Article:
Equipment failure caused delays of up to an hour on March 3, when three trains broke down on the Corridor, including one inside one of the two Hudson River rail tunnels.
Sarles said the breakdowns were due to fine snow melting inside the electric traction motors, which power electric commuter trains, shorting them out.
"It's an age-old problem with traction motors. It doesn't hit the day of the snow, it (snow) works through the motors days after," he said. "We are looking at what we can do on physical modifications."
Other solutions include two massive infrastructure projects: the $8.7 billion Hudson River rail tunnel project and the replacement of the 100-year-old Portal Bridge over the Hackensack River, which became stuck in its open position on March 4.
All Northeast Corridor, Coast Line and Midtown Direct trains traveling into or out of New York cross over the bridge, and those trains had to be suspended for an hour until the drawbridge was closed that day.
The new tunnel will create more capacity, Sarles said. NJ Transit will build a second set of tracks through the Jersey Meadows to the tunnel.
Plans call for the Portal Bridge to be replaced with two spans, one of which will be high enough to allow boats to pass under it unimpeded, Sarles said.
Funding for Amtrak
Another positive sign is additional federal money budgeted for Amtrak to make badly-needed repairs, Sarles said. Amtrak has been struggling with reduced federal aid for decades, prompting NJ Transit to allocate funds for maintenance and repair on the Northeast Corridor tracks in New Jersey.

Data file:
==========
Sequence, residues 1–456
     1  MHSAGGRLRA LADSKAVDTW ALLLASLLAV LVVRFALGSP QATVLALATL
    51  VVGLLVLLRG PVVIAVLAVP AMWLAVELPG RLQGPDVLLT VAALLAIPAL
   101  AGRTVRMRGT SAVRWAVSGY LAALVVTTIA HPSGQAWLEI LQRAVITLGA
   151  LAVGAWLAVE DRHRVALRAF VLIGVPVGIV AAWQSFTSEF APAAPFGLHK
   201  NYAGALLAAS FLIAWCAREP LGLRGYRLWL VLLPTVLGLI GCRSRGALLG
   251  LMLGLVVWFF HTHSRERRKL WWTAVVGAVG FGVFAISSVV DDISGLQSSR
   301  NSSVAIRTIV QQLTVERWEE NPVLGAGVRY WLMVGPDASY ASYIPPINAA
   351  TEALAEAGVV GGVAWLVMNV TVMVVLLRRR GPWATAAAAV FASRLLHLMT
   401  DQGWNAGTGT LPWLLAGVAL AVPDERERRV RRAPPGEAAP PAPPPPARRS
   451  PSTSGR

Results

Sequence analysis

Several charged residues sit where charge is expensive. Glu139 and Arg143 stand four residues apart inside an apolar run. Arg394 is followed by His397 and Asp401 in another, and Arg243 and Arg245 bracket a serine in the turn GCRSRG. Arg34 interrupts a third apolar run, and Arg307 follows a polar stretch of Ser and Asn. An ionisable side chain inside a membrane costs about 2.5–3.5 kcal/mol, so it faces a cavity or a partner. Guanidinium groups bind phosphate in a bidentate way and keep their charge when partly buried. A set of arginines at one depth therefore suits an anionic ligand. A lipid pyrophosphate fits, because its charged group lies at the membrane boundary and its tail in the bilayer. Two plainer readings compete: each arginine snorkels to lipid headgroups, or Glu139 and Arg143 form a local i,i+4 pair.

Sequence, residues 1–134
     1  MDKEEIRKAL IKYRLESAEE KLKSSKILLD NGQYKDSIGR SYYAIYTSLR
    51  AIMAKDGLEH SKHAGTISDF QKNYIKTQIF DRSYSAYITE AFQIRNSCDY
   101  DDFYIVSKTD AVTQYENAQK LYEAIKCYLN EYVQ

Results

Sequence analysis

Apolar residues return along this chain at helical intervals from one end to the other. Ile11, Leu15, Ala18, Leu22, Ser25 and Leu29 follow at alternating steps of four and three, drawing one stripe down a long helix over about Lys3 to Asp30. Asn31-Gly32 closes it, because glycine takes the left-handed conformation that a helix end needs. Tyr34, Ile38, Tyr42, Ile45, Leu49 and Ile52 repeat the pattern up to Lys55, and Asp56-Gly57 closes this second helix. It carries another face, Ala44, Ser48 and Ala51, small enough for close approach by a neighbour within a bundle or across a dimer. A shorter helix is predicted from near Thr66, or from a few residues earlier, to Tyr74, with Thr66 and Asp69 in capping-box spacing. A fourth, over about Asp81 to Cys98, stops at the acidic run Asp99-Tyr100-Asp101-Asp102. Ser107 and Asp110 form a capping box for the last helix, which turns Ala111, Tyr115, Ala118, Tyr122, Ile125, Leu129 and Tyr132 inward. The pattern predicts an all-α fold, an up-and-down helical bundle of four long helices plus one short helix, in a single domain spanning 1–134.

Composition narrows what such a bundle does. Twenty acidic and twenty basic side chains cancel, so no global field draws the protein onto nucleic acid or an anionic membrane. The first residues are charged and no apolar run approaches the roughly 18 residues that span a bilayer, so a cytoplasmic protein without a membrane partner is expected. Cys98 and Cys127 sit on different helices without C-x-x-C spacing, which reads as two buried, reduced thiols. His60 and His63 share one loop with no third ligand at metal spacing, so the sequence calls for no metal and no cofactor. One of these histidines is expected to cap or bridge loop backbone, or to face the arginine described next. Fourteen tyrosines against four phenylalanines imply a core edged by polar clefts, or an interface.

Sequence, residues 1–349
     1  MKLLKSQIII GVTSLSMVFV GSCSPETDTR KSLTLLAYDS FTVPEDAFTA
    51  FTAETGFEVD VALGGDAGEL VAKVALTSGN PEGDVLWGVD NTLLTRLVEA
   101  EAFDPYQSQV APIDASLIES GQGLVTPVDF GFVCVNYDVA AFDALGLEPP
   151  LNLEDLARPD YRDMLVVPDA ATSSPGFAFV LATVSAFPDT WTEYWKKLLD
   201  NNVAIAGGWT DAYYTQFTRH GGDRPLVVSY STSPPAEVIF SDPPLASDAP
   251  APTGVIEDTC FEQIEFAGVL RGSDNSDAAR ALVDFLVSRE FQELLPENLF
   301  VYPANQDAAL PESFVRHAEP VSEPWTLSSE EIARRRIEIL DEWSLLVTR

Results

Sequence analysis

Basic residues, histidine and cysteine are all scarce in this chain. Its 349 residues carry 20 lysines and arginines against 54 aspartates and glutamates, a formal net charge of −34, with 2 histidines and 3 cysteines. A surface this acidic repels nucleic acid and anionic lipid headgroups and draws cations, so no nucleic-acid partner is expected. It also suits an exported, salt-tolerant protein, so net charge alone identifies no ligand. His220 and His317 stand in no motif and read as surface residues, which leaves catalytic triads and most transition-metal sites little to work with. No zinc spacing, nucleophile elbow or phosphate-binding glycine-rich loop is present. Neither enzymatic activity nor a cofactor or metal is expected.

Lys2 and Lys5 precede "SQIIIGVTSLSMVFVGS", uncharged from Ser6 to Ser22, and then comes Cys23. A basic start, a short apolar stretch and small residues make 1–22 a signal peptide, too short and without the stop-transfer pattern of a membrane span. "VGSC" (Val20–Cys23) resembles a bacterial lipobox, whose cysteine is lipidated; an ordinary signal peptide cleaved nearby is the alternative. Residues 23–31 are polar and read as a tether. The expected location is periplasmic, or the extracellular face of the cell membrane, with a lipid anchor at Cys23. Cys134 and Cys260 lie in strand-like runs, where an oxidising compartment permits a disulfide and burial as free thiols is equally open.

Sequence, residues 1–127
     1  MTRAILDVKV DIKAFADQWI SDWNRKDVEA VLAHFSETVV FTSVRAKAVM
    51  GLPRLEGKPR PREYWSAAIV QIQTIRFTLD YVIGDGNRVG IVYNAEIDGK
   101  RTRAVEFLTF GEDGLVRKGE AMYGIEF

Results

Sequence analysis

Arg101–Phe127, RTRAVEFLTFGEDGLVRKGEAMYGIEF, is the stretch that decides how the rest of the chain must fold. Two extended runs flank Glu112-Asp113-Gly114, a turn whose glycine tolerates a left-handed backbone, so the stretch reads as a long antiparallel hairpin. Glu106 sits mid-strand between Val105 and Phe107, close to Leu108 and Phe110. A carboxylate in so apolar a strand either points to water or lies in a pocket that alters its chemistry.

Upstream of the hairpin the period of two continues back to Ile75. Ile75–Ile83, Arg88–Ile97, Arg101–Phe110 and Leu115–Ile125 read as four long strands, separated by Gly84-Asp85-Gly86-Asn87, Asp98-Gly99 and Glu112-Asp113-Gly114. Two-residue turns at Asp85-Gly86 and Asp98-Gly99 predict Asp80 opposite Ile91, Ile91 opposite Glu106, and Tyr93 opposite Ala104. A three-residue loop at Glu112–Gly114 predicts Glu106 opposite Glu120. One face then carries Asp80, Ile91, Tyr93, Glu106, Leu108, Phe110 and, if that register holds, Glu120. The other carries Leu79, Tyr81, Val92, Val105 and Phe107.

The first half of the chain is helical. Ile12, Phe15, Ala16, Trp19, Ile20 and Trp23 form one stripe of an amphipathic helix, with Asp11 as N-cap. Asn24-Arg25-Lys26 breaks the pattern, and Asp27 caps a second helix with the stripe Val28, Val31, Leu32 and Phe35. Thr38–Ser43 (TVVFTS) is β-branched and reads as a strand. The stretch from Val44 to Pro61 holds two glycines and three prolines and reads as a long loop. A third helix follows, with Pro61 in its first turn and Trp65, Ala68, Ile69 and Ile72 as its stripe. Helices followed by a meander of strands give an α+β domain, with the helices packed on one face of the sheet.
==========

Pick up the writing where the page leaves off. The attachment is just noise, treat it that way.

"They blame Amtrak for everything, and typically it's the same stuff, whether you're talking about this (Coast) line, Metro North or the Long Island Rail Road" said commuter Wayne Senatore of Freehold, who added he rode the LIRR for 15 years.
Sarles said NJ Transit is having its staffers work next to Amtrak dispatchers in New York's Penn Station.
"When there's an issue, we're right next to them and make sure full attention gets paid to NJ Transit operations, and Amtrak is cooperating," he said.
Worst performing NJ Transit lines during peak hours in 2008:
Northeast Corridor Line: 85.09 percent on time.
North Jersey Coast Line: 87.6 percent on time.
Morris & Essex Lines: 90.79 percent on time.
Raritan Valley Line: 93.66 percent on time.
SOURCE: Asbury Park Press analysis of NJ Transit statistics